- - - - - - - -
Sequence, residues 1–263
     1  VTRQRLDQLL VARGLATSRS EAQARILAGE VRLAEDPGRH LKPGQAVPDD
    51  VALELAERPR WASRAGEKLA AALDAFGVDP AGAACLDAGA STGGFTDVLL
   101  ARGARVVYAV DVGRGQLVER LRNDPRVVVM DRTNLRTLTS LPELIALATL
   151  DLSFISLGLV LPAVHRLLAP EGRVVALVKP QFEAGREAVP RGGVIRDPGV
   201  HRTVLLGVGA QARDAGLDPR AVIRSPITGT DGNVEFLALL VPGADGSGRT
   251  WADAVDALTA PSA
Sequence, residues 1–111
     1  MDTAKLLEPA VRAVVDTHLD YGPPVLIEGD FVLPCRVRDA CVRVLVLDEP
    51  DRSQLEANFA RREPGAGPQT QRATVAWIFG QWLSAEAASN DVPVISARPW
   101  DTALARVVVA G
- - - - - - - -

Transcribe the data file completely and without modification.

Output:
Sequence, residues 1–263
     1  VTRQRLDQLL VARGLATSRS EAQARILAGE VRLAEDPGRH LKPGQAVPDD
    51  VALELAERPR WASRAGEKLA AALDAFGVDP AGAACLDAGA STGGFTDVLL
   101  ARGARVVYAV DVGRGQLVER LRNDPRVVVM DRTNLRTLTS LPELIALATL
   151  DLSFISLGLV LPAVHRLLAP EGRVVALVKP QFEAGREAVP RGGVIRDPGV
   201  HRTVLLGVGA QARDAGLDPR AVIRSPITGT DGNVEFLALL VPGADGSGRT
   251  WADAVDALTA PSA
Sequence, residues 1–111
     1  MDTAKLLEPA VRAVVDTHLD YGPPVLIEGD FVLPCRVRDA CVRVLVLDEP
    51  DRSQLEANFA RREPGAGPQT QRATVAWIFG QWLSAEAASN DVPVISARPW
   101  DTALARVVVA G